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I'm starting to get my head around prototyping and closures, within Javascript, but not quite. This example below, my two objects, the second object seems to lose scope/context and takes over the first objects identity.

function broker()
{
    var _q = [];
    this.add = function(delegate) {_q[_q.length] = delegate; }
    this.broadcast = function(message)
    {
        for(qi = 0; qi < _q.length; qi++)
        {
            _q[qi](message);
        }
    }
}

function subscriber(abroker, yourname)
{
    me = this;
    this.myprop = yourname;
    this.subby = function(message){ alert(message + " " + me.myprop + me.dosomething() + secret()); };
    this.dosomething = function() {return "...abc";};
    function secret(){return "...def";}

    abroker.add(this.subby);
}

var thebroker = new broker();
var mysub = new subscriber(thebroker, 'mysub');
var myothersub = new subscriber(thebroker, 'myothersub');
thebroker.broadcast("hello from");

The idea is that there is a common broker object that can invoke a delegate on subscriber objects and execute functions within. But I'm losing scope within the invoked function called by the broker.

output: 2 alerts windows, both output: "myothersub", mysub seems to lose scope?

I have successfully achieved the correct response by explicitly declaring the subby delegate outside of the original object, and referencing the entire object, e.g:

Instead of declaring this.subby within the subscriber object:

mysub.subby = function(message)
{
    alert(message + " " + mysub.myprop); // obv the dosomething his hidden
}

thebroker.add(mysub.subby);

Excuse me if any of the above syntax is wrong, from typing directly from memory. It does work in practice, but loses the encapsulation I'm used to.

How can I encapsulate using the original technique within out losing scope/context of the object?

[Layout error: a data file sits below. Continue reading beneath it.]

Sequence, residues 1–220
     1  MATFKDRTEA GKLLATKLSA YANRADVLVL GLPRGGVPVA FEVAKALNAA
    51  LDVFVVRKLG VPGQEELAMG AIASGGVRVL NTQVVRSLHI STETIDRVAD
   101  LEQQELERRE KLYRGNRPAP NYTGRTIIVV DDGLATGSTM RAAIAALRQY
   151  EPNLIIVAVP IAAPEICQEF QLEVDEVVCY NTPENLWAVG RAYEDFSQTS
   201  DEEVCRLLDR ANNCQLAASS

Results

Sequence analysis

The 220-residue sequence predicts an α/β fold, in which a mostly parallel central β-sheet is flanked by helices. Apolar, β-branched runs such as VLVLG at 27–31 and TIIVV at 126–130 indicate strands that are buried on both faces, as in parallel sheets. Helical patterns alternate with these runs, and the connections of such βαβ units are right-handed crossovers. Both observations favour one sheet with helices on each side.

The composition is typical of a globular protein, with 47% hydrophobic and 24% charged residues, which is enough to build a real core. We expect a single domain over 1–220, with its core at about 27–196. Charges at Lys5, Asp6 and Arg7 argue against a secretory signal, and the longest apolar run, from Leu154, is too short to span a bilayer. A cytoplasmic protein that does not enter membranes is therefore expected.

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1 Answer 1

up vote 0 down vote accepted

SHORT ANSWER: It looks as though the problem is simply to do with your declaration of me in the subscriber constructor. At the minimum you need to put a var in front of it to make it a local/private variable for each object. So var me = this; instead of me = this;.

EXPLANATION: In JavaScript, when you don't explicitly declare a variable with var, it makes the variable global. So what was happening in your original script is that you created mysub which declared me as a global reference to the this inside the mysub object. But as soon as you created myothersub the global me was overwritten to the this inside the new myothersub object.

Because your subby method created an alert that was based on me it didn't matter which object you called it from since the method in both objects was not using anything local or specific to the object but merely referencing the same global variable -- the this inside the last such object to be created

By simply writing var me = this; instead of me = this; you create a local version of me within a closure each time for each new object you create and not one that is overwritten.

...

PS. Extra tip. You should do this with all variables to ensure that you have as few globals as possible, especially when you don't mean them to be global! Therefore I'd make the same declaration for the variable qi inside the broker constructor. You could do this simply by declaring inside the loop conditions, e.g., for (var qi = 0; qi < _q.length; qi++). That would be enough to stop qi being a global variable.

However, in the interests of keeping your code easy to read it's best to declare all variables at the top of a function. So I would recommend simply rewriting the broadcast method thus:

this.broadcast = function(message) {
    var qi,             // STOPS `qi` BECOMING A GLOBAL
        ql = q.length;  // SO DON'T HAVE TO CHECK LENGTH OF `q` EVERY LOOP
    for(qi = 0; qi < ql; qi += 1) {
        _q[qi](message);
    }
};

If you haven't come across him before, Douglas Crockford is a really good go-to writer on JavaScript when it comes to closures, object creation and just good code writing conventions. There's a bunch of tips on this page and you can find videos of him lecturing on the topic quite easily. All this really helped me when I started looking into closures and other aspects of JavaScript more closely; hope it helps you too.

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Legend, thanks for the advice. All the best! –  Dave Jan 27 '13 at 14:58

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